Searching over 5,500,000 cases.


searching
Buy This Entire Record For $7.95

Download the entire decision to receive the complete text, official citation,
docket number, dissents and concurrences, and footnotes for this case.

Learn more about what you receive with purchase of this case.

Fells v. Valenzuela

United States District Court, N.D. California

April 6, 2015

BILLY M. FELLS, Plaintiff,
v.
ELVIN VALENZUELA, Defendant.

ORDER TO SHOW CAUSE Re: Dkt. No. 2

JACQUELINE SCOTT CORLEY, Magistrate Judge.

INTRODUCTION

Petitioner, a prisoner of the State of California proceeding pro se, filed a petition for a writ of habeas corpus under 28 U.S.C. § 2254 challenging his conviction and sentence in state court.[1] He has applied for leave to proceed in forma pauperis. Because the petition states cognizable claims for relief, a response from Respondent is warranted.

BACKGROUND

Petitioner was convicted in Alameda County Superior Court following his plea of nolo contendere. He was sentenced to a term of 20 years in state prison. His direct appeals were denied. In 2014, he filed habeas petitions in the state superior court and then in the California Supreme Court, both of which appear to have raised the same claims that are in the instant federal petition. Both of these petitions were denied. The instant federal petition followed.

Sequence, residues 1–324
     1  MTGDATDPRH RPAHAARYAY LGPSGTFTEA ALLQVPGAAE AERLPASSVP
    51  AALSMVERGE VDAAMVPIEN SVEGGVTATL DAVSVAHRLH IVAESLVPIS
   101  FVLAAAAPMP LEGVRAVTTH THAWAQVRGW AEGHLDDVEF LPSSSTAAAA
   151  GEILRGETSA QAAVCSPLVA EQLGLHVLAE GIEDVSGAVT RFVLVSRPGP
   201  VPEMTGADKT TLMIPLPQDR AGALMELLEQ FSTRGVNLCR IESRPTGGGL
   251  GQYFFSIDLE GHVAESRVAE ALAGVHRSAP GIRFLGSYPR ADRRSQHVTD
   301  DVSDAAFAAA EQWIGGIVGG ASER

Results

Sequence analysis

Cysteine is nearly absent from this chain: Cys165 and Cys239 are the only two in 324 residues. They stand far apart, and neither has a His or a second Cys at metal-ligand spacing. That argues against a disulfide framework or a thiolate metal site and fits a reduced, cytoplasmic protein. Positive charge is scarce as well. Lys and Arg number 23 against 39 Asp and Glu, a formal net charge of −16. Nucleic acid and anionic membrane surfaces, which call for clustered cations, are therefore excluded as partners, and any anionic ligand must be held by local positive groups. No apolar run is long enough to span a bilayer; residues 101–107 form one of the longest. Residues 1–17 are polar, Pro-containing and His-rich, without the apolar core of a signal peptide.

DISCUSSION

I. Standard of Review

This Court may entertain a petition for a writ of habeas corpus "in behalf of a person in custody pursuant to the judgment of a State court only on the ground that he is in custody in violation of the Constitution or laws or treaties of the United States." 28 U.S.C. § 2254(a). It shall "award the writ or issue an order directing the respondent to show cause why the writ should not be granted, unless it appears from the application that the applicant or person detained is not entitled thereto." Id. § 2243.

II. Legal Claims

Petitioner raises the following three claims for relief: (1) the trial court's denial of his motion to suppress evidence violated his Fourth Amendment rights; (2) trial counsel was ineffective because he miscalculated the maximum sentence Petitioner could receive following his plea; and (3) the trial court erred in failing to hold a hearing on Petitioner's mental competency.

The first claim does not state cognizable grounds for federal habeas relief because Stone v. Powell, 428 U.S. 465, 481-82, 494 (1976), bars federal habeas review of Fourth Amendment claims. The second and third claims, when liberally construed, are sufficient to require a response from Respondent.

CONCLUSION

For the foregoing reasons and for good cause shown,

1. The Clerk shall serve a Magistrate Judge jurisdiction consent form, a copy of this Order, and the petition, and all attachments thereto, on Respondent and Respondent's attorney, the Attorney General of the State of California. ...


Buy This Entire Record For $7.95

Download the entire decision to receive the complete text, official citation,
docket number, dissents and concurrences, and footnotes for this case.

Learn more about what you receive with purchase of this case.